Recently I've been feeling this heavy weight on my back and I couldn't quite figure it out. Until I received an email from Voice of the Faithful saying they were having Vigils of Sorrow on Good Friday to "stand in solidarity with victims of clergy abuse."
Really? They want to stand with us again? Why it seems like only yesterday that we were standing on the streets of Providence, in the rain, as they held their convention without much concern for the victims, on whose backs they built their organization.
Heck, because of all of the news about the Pope, VOTF's President Dan Bartley has even appeared on CNN. That should help raise some money for them.
I know I sound a little cynical. I do understand that this is reflective of the organization on the national scale. I also know that there are many local affiliates of Voice of the Faithful with integrity.
Apparently these vigils will be held at major cathedrals in Boston, New York and Washington D.C. I'm not sure I see this as the right PR move. It is Good Friday and the church will be discussing nothing but forgiveness. That is what the church is all about.
Unless you are the New York Times. Bishop Nicholas DiMarzio of Brooklyn has gone as far to say, "I might even suggest canceling our subscriptions to The New York Times, but we need to know what the enemy is saying." That's not very forgiving.
Let alone the likes of our friend Bill Donohue at the Catholic League. When he forgives Larry David, Bill Maher and Kathy Griffin, then I will start to believe the church is about forgiveness.
They used to go willingly and humbly to the lions to profess their faith, now they can't even take a joke.
Is forgiveness what we are looking for anyway? How about justice first?
If you want to protest, why not start with the offices of federal prosecutors, attorneys general and local DAs? They are the only agents who can promote real change. Resignations won't solve anything, but prosecution will.
The question "Will the Pope resign?" is irrelevant.
From Boston to Australia to Ireland to Germany and everywhere in between, the handling of clergy sexual abuse worldwide has been the same. We should be looking at why.
The abuse is reported to the Bishop, and he either sends the priest to another Diocese or to a "treatment center" and then reassigns him, without ever notifying the authorities. Are we to believe this is all a coincidence? That they have acted individually and independently from each other? Not likely.
Let's look at how the Dioceses of Worcester and Fort Worth handled Fr. Tom Teczar. He served for a little while at St. Mary's in Uxbridge prior to this. That's where he got to know me.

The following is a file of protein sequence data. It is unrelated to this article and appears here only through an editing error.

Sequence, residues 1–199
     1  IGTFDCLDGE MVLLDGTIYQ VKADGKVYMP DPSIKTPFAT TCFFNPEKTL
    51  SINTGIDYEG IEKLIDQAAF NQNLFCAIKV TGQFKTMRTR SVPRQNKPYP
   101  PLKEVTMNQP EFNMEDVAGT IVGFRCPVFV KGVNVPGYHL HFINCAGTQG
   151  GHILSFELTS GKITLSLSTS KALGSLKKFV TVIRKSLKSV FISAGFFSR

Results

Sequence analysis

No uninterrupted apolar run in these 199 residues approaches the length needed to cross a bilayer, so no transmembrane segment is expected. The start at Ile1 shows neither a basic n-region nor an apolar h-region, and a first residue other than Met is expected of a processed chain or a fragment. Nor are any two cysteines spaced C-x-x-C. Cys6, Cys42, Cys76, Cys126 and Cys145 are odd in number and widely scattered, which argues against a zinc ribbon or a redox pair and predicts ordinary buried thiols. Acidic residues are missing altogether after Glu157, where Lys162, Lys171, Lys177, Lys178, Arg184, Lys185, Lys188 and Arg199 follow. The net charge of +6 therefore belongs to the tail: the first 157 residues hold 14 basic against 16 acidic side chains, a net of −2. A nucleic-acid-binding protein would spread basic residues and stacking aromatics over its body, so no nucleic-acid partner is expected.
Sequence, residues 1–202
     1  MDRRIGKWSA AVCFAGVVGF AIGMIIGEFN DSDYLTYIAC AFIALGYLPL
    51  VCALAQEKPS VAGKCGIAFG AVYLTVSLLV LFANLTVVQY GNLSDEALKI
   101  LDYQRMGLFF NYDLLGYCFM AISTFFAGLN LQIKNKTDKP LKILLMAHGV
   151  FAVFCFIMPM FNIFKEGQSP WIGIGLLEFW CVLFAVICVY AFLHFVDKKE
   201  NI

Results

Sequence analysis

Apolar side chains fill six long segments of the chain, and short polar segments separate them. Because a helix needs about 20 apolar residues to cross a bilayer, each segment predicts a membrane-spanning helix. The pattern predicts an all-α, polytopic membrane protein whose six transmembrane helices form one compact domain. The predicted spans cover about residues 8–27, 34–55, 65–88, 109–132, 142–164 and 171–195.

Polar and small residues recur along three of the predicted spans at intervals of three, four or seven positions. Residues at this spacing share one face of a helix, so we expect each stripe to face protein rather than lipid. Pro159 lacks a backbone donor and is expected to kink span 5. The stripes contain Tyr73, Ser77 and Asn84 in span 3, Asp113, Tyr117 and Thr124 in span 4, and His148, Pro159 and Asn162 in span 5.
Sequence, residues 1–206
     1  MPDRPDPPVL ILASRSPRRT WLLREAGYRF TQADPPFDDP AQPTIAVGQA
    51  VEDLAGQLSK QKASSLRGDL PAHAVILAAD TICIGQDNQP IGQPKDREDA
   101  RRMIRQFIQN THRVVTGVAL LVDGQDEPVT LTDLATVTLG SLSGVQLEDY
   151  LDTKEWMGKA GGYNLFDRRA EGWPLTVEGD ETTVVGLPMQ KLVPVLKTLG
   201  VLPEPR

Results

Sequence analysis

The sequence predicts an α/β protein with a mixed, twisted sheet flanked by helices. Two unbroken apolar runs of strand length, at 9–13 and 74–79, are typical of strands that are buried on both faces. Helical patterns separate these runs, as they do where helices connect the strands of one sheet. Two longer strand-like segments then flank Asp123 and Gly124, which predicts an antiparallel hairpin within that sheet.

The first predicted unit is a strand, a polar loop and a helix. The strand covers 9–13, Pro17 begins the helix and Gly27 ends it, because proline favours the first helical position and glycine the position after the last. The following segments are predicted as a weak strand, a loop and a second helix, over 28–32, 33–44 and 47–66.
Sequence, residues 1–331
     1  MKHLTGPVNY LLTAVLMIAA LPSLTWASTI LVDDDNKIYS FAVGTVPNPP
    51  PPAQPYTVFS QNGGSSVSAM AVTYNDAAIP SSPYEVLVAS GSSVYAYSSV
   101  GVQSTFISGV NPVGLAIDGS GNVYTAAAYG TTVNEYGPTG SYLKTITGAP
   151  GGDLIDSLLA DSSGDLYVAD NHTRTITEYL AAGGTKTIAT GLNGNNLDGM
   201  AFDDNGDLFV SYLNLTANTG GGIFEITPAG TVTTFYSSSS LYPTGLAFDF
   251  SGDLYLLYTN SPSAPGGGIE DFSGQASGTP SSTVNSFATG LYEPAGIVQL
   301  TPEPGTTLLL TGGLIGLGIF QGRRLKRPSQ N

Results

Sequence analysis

Here is an article written by Richard Nagle from the Worcester Telegram, April 21, 2003.
In a letter:
Monsignor Raymond J. Page, vicar general of the Worcester diocese, wrote to Bishop Reilly, then in charge of the diocese serving Norwich, Conn., "Father Teczar is a priest of this diocese. Bishop Harrington has granted him a leave of absence with the suggestion that he seek a benevolent bishop.
"Tom's difficulties came to a head two years ago when a 16-year-old boy accused Tom of soliciting him," the letter continued.
Monsignor Page also wrote Bishop Reilly that "Bishop Harrington says there has long been a cloud of suspicion over Tom. Bishop Harrington knows a trail of damaged youngsters he left in one town. The police there were far from pleased. In that town, the police threatened to find a reason to arrest him if he returned there." Bishop Reilly declined to take on Rev. Teczar, and the Worcester diocese began to focus on Fort Worth.
With the knowledge of this risk, Bishop Delaney of Fort Worth still wanted Tom to serve in his Diocese. In a letter to the Worcester Diocese he wrote:
The letter went on, "Bishop Rueger sent me a copy of the letter you received from Mr. James Reardon, the diocesan attorney, with his opinion that Father Teczar should be excardinated from the Diocese of Worcester immediately. While respecting Mr. Reardon's expertise in civil law, I want to raise with you other questions about this matter involving both justice and charity."
Bishop Delaney said he believed Rev. Teczar would perform well for the Fort Worth diocese. "Let me be clear about the three-year wait," he wrote. "It is not due to concern about Tom's past problem. If I had serious concern in that regard I would not be dealing with the matter at all! ... In Tom's case there is the past problem that you and he have fully shared with me. But that is not the reason for the wait. If I had any fear that the problem would ever arise again I could not and would not accept him at all for any length of time. "
You told me both times we talked that you believe Tom can do effective priestly work and that you do not want to see him laicized. I can offer him that chance ... I am willing to provide the Diocese of Worcester with a document absolving you of any responsibility for Father Teczar's conduct during this time."
That document absolving Worcester cost Fort Worth $4.15 million in settlements. It ultimately gave Teczar a 50-year prison sentence. Not to mention the children that were abused.
There was full disclosure between these two Bishops. It is time for the full disclosure of the policy of the cover.
It is clear they knew what they were doing. Just like they did Germany and everywhere else. I wish I could say April Fools, but I can't. This is no joke.
The only fools are those who believe the Catholic Church will police themselves.